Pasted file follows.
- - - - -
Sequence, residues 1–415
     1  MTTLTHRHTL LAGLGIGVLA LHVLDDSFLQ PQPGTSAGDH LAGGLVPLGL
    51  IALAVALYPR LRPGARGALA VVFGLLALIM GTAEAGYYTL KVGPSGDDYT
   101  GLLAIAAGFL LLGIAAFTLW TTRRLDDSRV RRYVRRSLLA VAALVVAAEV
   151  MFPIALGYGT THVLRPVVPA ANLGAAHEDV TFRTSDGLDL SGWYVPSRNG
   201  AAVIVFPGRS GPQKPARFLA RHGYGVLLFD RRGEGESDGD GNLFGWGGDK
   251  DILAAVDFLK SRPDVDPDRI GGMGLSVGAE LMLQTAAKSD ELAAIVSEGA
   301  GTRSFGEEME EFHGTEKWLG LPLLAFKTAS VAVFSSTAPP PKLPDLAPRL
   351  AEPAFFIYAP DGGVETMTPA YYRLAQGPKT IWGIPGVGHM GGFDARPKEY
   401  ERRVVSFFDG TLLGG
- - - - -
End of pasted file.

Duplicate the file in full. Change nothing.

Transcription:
Sequence, residues 1–415
     1  MTTLTHRHTL LAGLGIGVLA LHVLDDSFLQ PQPGTSAGDH LAGGLVPLGL
    51  IALAVALYPR LRPGARGALA VVFGLLALIM GTAEAGYYTL KVGPSGDDYT
   101  GLLAIAAGFL LLGIAAFTLW TTRRLDDSRV RRYVRRSLLA VAALVVAAEV
   151  MFPIALGYGT THVLRPVVPA ANLGAAHEDV TFRTSDGLDL SGWYVPSRNG
   201  AAVIVFPGRS GPQKPARFLA RHGYGVLLFD RRGEGESDGD GNLFGWGGDK
   251  DILAAVDFLK SRPDVDPDRI GGMGLSVGAE LMLQTAAKSD ELAAIVSEGA
   301  GTRSFGEEME EFHGTEKWLG LPLLAFKTAS VAVFSSTAPP PKLPDLAPRL
   351  AEPAFFIYAP DGGVETMTPA YYRLAQGPKT IWGIPGVGHM GGFDARPKEY
   401  ERRVVSFFDG TLLGG